This is a follow-up question to this one and I understand the difference between "there" and "here".
I understand "there" functions differently from the adverb "here", but it leads to another question. It might sound too basic, but I believe it is relevant to why there could be some uncertainty in accepting there as a subject.
If you Google search "There is a dog in the house" and "There is my dog in the house", there is not a single hit for the latter, zero, nothing, nada while I get 738,000 hits for the former. You get 258,000 hits for "My dog is in the house".
If you Google search "There is a cat in the house" and "There is my cat in the house", still you get no hit for the latter and 358,000 hits for the former. You get 767,000 hits for "My cat is in the house".
You don't find any results for "There is my dog in his/her/our/their house", either.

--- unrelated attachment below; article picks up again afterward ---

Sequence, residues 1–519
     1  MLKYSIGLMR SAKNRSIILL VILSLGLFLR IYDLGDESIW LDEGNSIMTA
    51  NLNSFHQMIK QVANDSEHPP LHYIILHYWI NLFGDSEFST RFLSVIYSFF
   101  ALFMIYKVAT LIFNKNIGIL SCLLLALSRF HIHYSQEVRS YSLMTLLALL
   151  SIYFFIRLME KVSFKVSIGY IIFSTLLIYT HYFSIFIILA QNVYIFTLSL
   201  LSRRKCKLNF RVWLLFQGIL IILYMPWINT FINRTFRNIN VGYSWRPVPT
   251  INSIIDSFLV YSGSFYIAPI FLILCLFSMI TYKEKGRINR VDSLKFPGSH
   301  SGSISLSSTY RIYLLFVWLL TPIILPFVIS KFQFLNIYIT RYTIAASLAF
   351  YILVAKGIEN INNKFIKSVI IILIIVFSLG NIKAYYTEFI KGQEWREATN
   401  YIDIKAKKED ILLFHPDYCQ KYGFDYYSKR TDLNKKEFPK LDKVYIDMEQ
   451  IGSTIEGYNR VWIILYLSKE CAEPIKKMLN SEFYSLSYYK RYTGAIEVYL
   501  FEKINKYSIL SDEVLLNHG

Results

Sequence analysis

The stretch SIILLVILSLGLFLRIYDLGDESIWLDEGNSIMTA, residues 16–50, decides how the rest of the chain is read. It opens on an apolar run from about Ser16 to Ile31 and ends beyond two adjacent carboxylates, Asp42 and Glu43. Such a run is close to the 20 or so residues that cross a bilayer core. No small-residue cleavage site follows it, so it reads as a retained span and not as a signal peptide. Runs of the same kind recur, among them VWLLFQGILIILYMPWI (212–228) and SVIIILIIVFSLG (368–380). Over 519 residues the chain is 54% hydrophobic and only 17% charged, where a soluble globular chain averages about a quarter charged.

Apparently, there doesn't seem to be used when determiner "my" (or other possessives) is used for a noun.
Another flaw, if you like, is a subject-verb agreement.
There sometimes takes a singular "be" for a "plural noun" that follows it. As @John Lawler pointed out in the answer
There's one biscuit left ~ There's a unicorn in the garden ~ There's someone here to see you. (One can say There is, but it's far commoner to start a There-Insertion sentence with There's -- even when the postposed subject is plural -- There's some people here to see you).
There are some people here to see you is much more broadly used as the below shows.
My question is:
Is the subject "there" as a "dummy subject" flawed as the above-mentioned points seem to suggest?
Using a singular verb "be" before a "plural" noun ungrammatical?
Why is there no usage of "there is my dog in the house"?
Note: I am reluctant to ask the third question and please disregard it if you consider it to be "too basic a question".